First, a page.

Only One-Third of "10 Year" Smoke Alarms Functional at 10 Years


An evaluation of lithium-powered smoke alarms installed 8-10 years ago found that only 33% were present and operational. Thirty-seven percent (37%) were missing and 30% were present but nonfunctional.  NCHH reported that a number of factors play a role in why alarms are missing or present but nonfunctional. These include tampering with smoke alarms, removal of lithium-powered batteries, and smoke alarms installed in the kitchen area. To prevent the likelihood of residents interfering with alarm operability, NCHH encouraged the Centers for Disease Control and Prevention (CDC), which administers the Smoke Alarm Installation and Fire Safety Education (SAIFE) program, to have local agencies install tamper-proof, sealed, lithium-powered smoke alarms. Many of the CDC’s current grantees are now using these sealed alarms for their installation programs. Other research has documented that smoke alarm installation programs are an effective component of a community-wide healthy housing effort.

NCHH recommends that anyone who installs 10-year alarms select products with the Underwriters Laboratories (UL) mark. Installing alarms with end-of-life indicators would also help occupants recognize when alarms need to be replaced. State health departments should work with fire departments to schedule periodic visits to homes after smoke alarm installation to assess the alarm functionality.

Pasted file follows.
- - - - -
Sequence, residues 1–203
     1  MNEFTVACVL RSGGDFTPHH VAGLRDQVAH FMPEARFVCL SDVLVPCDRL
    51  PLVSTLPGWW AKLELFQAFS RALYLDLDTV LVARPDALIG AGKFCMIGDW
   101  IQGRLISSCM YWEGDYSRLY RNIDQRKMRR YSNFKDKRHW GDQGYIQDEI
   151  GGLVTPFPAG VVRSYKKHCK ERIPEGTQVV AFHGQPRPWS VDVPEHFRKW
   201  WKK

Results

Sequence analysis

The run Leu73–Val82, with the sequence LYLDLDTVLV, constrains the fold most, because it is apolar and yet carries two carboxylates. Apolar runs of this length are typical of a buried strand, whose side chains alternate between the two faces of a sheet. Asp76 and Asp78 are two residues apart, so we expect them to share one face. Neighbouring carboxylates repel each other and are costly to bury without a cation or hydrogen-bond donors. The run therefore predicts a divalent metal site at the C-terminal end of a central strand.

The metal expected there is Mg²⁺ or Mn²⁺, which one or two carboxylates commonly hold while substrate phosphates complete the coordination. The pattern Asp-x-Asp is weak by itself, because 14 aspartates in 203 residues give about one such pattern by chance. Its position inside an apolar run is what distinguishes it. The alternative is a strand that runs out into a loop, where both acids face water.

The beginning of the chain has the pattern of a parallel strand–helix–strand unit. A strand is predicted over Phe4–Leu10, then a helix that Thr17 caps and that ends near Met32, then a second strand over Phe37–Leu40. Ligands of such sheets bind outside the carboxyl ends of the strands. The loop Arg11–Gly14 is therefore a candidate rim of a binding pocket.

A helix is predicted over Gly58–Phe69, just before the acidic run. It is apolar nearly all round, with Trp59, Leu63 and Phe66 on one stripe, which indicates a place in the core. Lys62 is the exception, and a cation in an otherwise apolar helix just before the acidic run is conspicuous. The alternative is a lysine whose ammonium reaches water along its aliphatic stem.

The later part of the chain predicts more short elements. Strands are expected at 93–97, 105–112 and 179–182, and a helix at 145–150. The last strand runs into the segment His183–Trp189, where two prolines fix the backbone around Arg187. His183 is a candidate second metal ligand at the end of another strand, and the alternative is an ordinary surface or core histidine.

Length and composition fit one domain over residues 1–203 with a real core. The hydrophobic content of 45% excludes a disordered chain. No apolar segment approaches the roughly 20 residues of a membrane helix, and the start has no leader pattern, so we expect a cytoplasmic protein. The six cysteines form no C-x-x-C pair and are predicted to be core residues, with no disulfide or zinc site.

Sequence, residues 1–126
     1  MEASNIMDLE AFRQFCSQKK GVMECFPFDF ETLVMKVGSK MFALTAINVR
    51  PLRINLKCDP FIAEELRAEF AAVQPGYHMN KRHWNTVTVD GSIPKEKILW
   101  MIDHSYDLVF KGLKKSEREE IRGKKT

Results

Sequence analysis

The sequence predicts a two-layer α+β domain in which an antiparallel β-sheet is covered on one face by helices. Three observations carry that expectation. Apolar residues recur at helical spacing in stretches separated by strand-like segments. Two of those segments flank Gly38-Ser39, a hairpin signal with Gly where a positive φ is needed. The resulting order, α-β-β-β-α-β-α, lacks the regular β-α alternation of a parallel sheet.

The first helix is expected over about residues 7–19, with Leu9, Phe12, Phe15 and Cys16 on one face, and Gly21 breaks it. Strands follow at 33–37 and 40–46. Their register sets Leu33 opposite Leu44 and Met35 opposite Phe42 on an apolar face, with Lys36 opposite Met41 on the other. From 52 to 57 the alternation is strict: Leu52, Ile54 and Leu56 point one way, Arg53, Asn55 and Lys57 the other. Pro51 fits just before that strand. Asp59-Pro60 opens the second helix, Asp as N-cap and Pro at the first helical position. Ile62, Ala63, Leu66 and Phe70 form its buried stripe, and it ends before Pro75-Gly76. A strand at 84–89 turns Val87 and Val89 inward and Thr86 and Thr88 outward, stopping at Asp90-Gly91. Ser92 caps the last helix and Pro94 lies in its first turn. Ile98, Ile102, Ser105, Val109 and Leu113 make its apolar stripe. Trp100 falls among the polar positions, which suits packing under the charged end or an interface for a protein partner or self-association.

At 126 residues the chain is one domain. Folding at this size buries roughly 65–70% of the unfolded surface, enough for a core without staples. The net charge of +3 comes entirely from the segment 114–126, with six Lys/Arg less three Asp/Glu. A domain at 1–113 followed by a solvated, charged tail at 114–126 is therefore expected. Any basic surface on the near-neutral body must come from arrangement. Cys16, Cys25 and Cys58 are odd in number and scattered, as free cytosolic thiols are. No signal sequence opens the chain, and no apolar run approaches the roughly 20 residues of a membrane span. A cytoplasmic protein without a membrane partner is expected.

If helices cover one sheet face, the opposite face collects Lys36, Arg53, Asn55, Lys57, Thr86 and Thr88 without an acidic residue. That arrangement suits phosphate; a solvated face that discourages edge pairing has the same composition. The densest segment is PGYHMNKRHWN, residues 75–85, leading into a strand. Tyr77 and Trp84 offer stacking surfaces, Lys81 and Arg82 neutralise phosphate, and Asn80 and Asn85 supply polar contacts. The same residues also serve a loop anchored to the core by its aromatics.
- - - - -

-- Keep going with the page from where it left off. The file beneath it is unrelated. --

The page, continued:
CDC funded NCHH to evaluate a subset of homes that received smoke alarms between 1998 and 2001 to determine if the lithium-powered smoke alarms were operational 8-10 years after installation. NCHH randomly selected 427 homes from states—Georgia, Virginia, Washington, Kentucky, and Oklahoma—for enrollment in the project and hired inspectors in each state to note whether the original smoke alarms were present and operable and the reason for a nonfunctioning smoke alarm. Inspectors replaced both nonfunctional smoke alarms and alarms nearing the end of their estimated lifespan with new models.

Alarms were more likely to be missing from rental properties than owner-occupied homes. Eight percent (8%) of the alarms were missing batteries, 19% contained lithium-powered batteries, and 44% had non-lithium powered batteries; the battery type was not reported in the remaining units. Seventy-eight percent (78%) of the smoke alarms having lithium batteries were functional, compared to 53% of smoke alarms with non-lithium batteries. Evaluators installed a total of 708 new lithium-powered 10-year smoke alarms in the homes.

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